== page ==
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Forum:NGS Data storage solutions for small organisations or big labs
1
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13 months ago
bioinfo • 700
New Zealand

Hi all,

I’m trying to find out and compile info on how big labs (e.g. 40+ people) or small organisations who produce large amounts of NGS data manage the data storage issue. As a small organisation, we produce 10-15 TBs of HTS data every year from large genomics and metagenomics projects. We are often dependent on an external HPC cluster service provider for storing our TBs of data in parallel to doing analysis there, along with a few more Tbs on local server. We have both 'active' and ‘cold’ (not actively used anymore) datasets from our research projects and we try to maintain these datasets for at least 7 years.

Since many of us are dealing with a large bunch of NGS data from projects with TBs in size, I was wondering

  • how/where do you guys store your "active" and "cold" HTS data? Do you have an in-house server with TBs of storage facility or online Cloud (e.g. Amazon) or other options?
  • is it cost-effective to use cloud-based servers (e.g. Amazon, ASIA) for "cold" data storage and build a small server locally for working with "active" data to mitigate this issue? Any ideas on the cost involved to build a small cluster/server with Tbs of storage?

I have talked to a few of my colleagues and it sounds like everybody is doing it somehow but looking for better options. Since many of us are struggling with HTS data storage with some backup facility, I was wondering if there are any cost-effective solutions? Many organisations are investing quite a lot on eResearch (i.e. data science) and many of us are already know that genomics-based data storage is really a big issue across organisations for researchers and needs more attention.

We might share our ideas and see if we can follow others’ approaches.

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For us active data is always on high performance local cluster storage. We are a bigger organization/sequencing center and have access to plenty of storage (not infinite but adequate for ~6 months, hundreds of TB). We also use a large quantum tape library solution that is presented as storage partition. Data copied there automatically goes on tapes. We keep them for 3 years.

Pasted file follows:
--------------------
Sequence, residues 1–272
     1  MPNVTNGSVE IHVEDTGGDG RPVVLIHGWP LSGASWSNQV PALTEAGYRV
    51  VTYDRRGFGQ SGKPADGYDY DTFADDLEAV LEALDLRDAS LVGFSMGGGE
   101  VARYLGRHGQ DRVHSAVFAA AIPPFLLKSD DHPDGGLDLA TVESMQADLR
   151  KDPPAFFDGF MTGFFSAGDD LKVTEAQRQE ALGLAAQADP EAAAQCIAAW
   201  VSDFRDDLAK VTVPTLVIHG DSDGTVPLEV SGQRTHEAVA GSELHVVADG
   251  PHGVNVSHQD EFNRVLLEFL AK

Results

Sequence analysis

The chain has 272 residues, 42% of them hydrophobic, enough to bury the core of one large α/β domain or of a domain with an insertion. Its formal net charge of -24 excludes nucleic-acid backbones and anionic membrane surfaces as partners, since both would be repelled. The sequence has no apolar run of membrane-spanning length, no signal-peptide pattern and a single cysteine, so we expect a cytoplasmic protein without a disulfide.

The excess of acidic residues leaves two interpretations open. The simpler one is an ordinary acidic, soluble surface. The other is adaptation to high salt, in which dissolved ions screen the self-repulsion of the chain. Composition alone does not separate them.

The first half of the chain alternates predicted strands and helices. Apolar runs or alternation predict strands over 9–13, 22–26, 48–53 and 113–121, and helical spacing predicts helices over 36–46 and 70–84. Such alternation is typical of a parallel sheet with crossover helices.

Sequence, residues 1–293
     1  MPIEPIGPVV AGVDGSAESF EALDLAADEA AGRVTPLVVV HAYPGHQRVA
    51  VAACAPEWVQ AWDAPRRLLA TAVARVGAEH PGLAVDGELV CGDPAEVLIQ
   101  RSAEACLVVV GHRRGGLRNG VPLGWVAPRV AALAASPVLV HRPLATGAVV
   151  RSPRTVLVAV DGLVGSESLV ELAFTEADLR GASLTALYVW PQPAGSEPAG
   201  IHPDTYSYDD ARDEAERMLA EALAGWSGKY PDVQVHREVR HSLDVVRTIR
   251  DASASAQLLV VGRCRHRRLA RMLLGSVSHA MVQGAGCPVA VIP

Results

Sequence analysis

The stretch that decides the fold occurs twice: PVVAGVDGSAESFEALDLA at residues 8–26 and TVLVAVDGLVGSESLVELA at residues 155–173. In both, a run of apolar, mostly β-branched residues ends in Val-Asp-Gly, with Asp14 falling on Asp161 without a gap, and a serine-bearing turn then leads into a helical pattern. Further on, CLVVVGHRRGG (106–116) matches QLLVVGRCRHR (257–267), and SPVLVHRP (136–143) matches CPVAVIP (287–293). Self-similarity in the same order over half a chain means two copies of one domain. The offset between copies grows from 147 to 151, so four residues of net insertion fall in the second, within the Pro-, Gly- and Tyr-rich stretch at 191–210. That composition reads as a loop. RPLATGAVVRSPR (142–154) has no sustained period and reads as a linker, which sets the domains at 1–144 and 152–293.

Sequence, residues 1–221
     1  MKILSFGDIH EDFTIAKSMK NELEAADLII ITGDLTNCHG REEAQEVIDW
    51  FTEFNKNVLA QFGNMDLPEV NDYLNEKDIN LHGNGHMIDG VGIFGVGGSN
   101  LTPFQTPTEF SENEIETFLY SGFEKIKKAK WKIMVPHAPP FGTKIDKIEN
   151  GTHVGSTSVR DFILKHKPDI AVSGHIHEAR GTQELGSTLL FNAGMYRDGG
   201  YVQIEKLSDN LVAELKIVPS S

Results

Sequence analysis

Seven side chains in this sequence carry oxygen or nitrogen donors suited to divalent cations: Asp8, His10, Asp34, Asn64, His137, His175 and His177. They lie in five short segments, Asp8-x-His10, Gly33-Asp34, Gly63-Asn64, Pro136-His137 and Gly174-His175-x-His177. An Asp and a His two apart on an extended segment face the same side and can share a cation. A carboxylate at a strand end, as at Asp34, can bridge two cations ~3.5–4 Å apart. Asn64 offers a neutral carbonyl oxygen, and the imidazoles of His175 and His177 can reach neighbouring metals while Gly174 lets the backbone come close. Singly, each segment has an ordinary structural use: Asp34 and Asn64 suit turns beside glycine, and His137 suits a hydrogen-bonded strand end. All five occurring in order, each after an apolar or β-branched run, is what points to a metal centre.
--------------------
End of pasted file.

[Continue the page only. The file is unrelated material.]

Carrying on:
You can consider cold storage on google or AWS. While cold cloud storage is cheap, you will incur a cost to retrieve the data, which can be expensive. You can consider converting data to uBAM or CRAM (if a reference is available) to save on space in general.

If data is going to be published you would eventually want to submit it to SRA/ENA/DDBJ so you can store a copy there. There is a facility to embargo it until publication (or at least 1 yr I think) so you are covered.

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14 months ago
United States

My decidedly heterodox position (probably due to my foundational training in molecular biology) is to store the 'cold' data as library DNA in a -80˚ freezer. DNA is a technologically stable and incredibly information-dense platform - a small freezer could easily accommodate petabytes-to-exabytes equivalent of data at a fraction of the price of digital media. Plus, storage costs for most cold datasets are wasted, in the sense that they'll never be reanalyzed, which makes resequencing of the few reusable ones cost-effective.

But I've found that most users of our sequencing facility are strongly opposed to this suggestion - I would be interested to hear feedback from the Biostars community.

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I agree in principal with your solution but it may only be viable for an individual lab. Sequencing facilities deal with tens of thousands of samples and storage of libraries at -80C for years quickly becomes unwieldy.

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I think that DNA should be stable long term at RT under proper storage conditions.

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You'd be surprised how easy it is. 40K+ clones (two whole-genome RNAi libraries for C. elegans) fit in a couple freezer racks, and we retrieve samples from those regularly (much more frequently than cold datasets).

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